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Old college pals trade good-natured verbal shots

KIRKLAND, Wash. (AP) _ Seattle center Robbie Tobeck once took a swing at Buffalo quarterback Drew Bledsoe.

Not on the field, of course. They were college roommates at Washington State, where Tobeck snapped the ball to Bledsoe.

It was one of those things where, as roommates, maybe you're around each other a little too much,'' Tobeck recalled Wednesday.Then as soon as you did it, you feel like the biggest jerk in the world. You go out and apologize.

``You're never good friends until you've had at least one good argument.''

Twelve years later, they remain the best of friends. That much was evident when Bledsoe was asked during a teleconference with Seattle reporters if he had any good dirt on Tobeck.

I've got to go way back,'' Bledsoe said.He was a horrible roommate when we were living together. He was kind of messy.''

He told a story about an argument that started during a card game. According to Bledsoe, Tobeck kept insisting that a football field is 40 yards from sideline to sideline.

I don't tend to argue much, but he would get me into arguments all the time,'' Bledsoe said.We got into a good argument once. As was usually the case, I was right and he was wrong.''

A regulation field is 53 1/3 yards wide.

``He was going to insist the sky was green, even though you can see that it's blue,'' Bledsoe said.

Eventually, things escalated and Tobeck let Bledsoe have it. The incident happened during football season, but fortunately the starting quarterback wasn't sidelined by his starting center.

Shoot, look at the guy,'' Bledsoe said.If he would have hit me hard, it would have been a pretty good story. He probably would have busted me wide open.''

To hear Tobeck tell it, Bledsoe deserved what he got.

That's the thing I've been cursed with _ being right all the time,'' Tobeck said.He gets a little jealous of that sometimes.''

At least their verbal shots were the good-natured kind, not the hostile sniping that sometimes goes back and forth in the news media. And each had plenty additional tales to offer.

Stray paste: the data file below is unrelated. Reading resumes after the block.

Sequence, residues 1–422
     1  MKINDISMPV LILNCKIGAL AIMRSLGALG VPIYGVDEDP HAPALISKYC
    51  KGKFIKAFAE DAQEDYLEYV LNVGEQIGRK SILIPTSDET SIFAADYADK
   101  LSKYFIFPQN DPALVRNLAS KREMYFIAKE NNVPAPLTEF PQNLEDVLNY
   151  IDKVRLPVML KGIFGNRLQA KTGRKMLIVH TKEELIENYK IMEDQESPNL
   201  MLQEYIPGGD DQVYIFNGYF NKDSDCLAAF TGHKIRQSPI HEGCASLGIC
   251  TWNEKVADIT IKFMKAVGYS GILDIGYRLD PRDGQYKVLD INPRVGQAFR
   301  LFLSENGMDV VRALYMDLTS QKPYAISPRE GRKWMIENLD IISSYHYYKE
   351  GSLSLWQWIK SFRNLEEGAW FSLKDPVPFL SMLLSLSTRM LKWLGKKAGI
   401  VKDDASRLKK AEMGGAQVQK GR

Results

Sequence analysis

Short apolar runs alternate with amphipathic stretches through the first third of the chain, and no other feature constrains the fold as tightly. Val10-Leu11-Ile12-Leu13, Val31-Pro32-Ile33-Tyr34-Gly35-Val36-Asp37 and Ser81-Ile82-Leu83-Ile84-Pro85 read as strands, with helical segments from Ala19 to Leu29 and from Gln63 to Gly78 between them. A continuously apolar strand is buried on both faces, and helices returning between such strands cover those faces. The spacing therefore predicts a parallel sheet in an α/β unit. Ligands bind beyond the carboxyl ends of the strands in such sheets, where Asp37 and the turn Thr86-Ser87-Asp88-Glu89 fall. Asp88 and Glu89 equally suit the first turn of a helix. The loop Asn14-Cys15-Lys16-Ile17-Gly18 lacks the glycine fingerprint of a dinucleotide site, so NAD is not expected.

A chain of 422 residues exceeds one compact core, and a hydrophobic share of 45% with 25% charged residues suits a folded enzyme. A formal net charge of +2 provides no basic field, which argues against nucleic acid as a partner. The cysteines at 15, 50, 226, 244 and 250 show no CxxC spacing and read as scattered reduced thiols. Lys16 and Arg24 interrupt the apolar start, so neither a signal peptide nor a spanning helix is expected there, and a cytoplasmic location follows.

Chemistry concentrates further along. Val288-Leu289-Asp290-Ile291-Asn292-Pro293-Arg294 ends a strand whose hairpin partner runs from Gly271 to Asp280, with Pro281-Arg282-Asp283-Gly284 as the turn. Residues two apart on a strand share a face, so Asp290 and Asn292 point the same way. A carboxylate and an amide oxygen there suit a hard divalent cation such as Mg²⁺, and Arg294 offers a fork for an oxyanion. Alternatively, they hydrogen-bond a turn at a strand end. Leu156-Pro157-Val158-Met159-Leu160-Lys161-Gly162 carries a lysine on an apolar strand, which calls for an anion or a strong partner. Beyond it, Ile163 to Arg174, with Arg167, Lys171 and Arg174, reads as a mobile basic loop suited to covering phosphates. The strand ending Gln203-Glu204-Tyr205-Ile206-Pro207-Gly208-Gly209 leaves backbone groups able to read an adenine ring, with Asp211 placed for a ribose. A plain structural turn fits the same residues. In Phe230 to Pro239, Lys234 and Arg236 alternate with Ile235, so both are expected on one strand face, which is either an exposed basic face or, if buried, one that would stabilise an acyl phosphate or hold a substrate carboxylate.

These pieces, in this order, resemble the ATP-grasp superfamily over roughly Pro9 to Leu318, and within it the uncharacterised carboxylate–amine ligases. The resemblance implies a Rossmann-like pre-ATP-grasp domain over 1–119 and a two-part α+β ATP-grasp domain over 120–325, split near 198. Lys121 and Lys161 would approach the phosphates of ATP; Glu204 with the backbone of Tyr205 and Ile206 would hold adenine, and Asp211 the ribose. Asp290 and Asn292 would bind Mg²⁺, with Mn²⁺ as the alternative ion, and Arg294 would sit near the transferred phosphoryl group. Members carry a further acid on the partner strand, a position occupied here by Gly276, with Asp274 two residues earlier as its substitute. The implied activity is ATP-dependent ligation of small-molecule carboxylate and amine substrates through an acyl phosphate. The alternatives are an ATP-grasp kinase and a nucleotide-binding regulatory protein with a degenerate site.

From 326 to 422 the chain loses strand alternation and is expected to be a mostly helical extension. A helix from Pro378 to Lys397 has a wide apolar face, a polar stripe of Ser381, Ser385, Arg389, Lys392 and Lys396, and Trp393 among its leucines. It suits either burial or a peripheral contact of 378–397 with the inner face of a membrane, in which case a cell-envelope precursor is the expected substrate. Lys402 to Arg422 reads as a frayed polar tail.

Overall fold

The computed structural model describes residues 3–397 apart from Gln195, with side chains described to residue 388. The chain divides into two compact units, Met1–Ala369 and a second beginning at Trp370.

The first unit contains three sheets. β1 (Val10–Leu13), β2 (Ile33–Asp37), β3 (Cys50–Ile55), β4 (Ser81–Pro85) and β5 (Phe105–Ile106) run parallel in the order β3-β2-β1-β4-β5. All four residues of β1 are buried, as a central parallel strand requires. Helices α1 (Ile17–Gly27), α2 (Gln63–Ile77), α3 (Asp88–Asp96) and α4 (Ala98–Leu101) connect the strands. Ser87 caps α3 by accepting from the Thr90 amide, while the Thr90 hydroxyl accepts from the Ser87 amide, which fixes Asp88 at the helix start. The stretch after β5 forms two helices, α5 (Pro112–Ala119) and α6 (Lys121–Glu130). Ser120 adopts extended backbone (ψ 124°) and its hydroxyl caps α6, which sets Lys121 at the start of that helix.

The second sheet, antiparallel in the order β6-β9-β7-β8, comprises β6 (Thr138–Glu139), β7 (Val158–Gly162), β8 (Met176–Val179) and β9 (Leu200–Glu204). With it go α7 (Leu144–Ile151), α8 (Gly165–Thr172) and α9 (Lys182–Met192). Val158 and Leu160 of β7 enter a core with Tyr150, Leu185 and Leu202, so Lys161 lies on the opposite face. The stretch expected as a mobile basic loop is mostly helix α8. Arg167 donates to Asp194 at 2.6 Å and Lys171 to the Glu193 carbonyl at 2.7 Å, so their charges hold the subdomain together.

Tobeck told how he and Bledsoe once borrowed a friend's convertible and drove it from Pullman, Wash., to nearby Moscow, Idaho. Tobeck was behind the wheel on the way over, but Bledsoe crashed the car on the return trip.

We were going a little too fast,'' Tobeck said.And you know that in Pullman, all the roads are elevated above the wheat fields. Well, we hit some rocks, we go sliding and go airborne.

We landed about 12 feet into a field,'' Tobeck said.There was dust. The tires came off. We tried to fix it and just give the car back. The guy says, 'Hey, my car's not the same. Did you guys wreck it?'''

Bledsoe described how Tobeck arrived at Washington State as a running back, but then was moved to fullback, linebacker and defensive line before finding his spot on the offensive line.

``He kind of devolved down the evolutionary chain of football,'' Bledsoe said.

They've gone bungee-jumping and played pickup basketball together, and they still speak frequently. Tobeck received a call this week after Bledsoe noticed the Seahawks list him at 6-foot-4.

The 6-foot-5 Bledsoe teased Tobeck, insisting he's really 6-1.

``He goes, 'Who does your measuring and weighing? I looked at the program and they've got you 6-4. Are they blind?''' Tobeck said.

On the field, Tobeck gets the final laugh. Their NFL teams have matched up twice before. Tobeck played for Atlanta during two victories when Bledsoe, with New England, was on the opposite sideline.

Every time we've played each other since we've been in the league, I've won,'' Tobeck said.I'm just looking forward to another big win. He didn't bring that up? That's shocking.''

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